There are entry requirements

It’s not a disadvantage, but like all courses – there are entry requirements. This will ring especially true if you want to change to an entirely new subject.

For example, if you want to study for an MA in magazine journalism, you’ll need at least two weeks of work experience at a magazine or publishing house. Any medical course will require qualification from a medical undergraduate degree.

As a standard, all Master’s programmes expect you to hold a 2:1 in any subject. If you have a 2:2, that’s not an issue, but you’ll likely need to supplement that with work experience or other requirements. All-in-all, it’ll be a good idea to shop around.

You’re not guaranteed a job afterwards

While a Master’s degree rapidly increases your chances of post-study employment, it’s not a full guarantee. Job competition should be considered an Olympic sport. The ISE reported that there were 901,772 applications for graduate jobs last year, averaging around 89 applicants per role.

That shouldn’t be too much of a deterrent, though. There are ways to ensure you get even more of an edge over the competition. We’ll get into that next.

Will a Master’s degree get me a job?

While they’re not a requirement for all industries, a Master’s degree looks good on your CV, but it doesn’t automatically get you the job.

However, if you combine the perks of higher education alongside work experience…You’ll be unstoppable.

A placement year or an internship will allow you to put your career to the test while gaining invaluable experience before you graduate. Employers adore skills and want to see how you’ve used them, so work experience will be the best way to do that.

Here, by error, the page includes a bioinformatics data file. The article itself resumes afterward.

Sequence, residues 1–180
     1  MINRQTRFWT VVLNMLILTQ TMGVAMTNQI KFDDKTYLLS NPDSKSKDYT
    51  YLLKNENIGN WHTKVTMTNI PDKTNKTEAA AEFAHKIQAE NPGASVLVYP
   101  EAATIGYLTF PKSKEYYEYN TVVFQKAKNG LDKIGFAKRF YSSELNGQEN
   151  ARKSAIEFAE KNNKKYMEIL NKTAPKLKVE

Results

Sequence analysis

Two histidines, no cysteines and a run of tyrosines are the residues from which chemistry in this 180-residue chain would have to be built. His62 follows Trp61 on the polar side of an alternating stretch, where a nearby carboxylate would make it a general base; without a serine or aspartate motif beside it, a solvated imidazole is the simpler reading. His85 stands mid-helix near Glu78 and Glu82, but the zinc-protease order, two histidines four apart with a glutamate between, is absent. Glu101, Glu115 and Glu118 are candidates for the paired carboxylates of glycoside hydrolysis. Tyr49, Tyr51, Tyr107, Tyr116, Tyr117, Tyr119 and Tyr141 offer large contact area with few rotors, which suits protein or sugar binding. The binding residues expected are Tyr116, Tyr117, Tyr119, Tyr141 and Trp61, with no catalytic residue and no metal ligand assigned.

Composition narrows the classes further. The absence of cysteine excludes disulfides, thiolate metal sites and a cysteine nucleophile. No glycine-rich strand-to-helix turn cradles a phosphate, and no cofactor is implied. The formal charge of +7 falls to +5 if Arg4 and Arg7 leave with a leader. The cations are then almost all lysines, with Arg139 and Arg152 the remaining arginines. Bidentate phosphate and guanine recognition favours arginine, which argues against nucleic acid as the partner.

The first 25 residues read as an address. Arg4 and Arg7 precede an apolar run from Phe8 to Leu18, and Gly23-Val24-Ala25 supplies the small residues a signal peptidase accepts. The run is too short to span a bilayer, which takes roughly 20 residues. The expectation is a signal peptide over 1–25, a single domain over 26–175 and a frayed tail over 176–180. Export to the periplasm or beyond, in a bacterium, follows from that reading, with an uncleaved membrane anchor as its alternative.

Some benefits include;

Want to see what’s out there? We have hundreds of roles available now for you to get into.

How do I choose a Master’s degree?

There are plenty of ways to decide which course you want to take. At the forefront, you should always consider your career goals. Ask yourself some of the following questions…

  • Do you have your eyes on a specific role?
  • Do you see yourself becoming a manager?
  • Are you going to learn something new?
  • What are the requirements for working in your industry?
  • Does my course already include a Master’s?

You’ll get a clearer idea of what postgraduate courses are out there. Also, speak to your career advisors or course leaders/lecturers. They’ll already have some idea of your experience and prospects.

If you’re already working, it might be a good idea to speak with your manager to see if they will sponsor you for a Master’s. This will only usually happen if it’s relevant to your work and benefits the company to do so. But there’s no harm in asking.

Whatever you decide to do, whether that’s a Master’s, some work experience or maybe even another undergraduate degree – it’ll all count towards helping you secure that all-important career.

Good luck!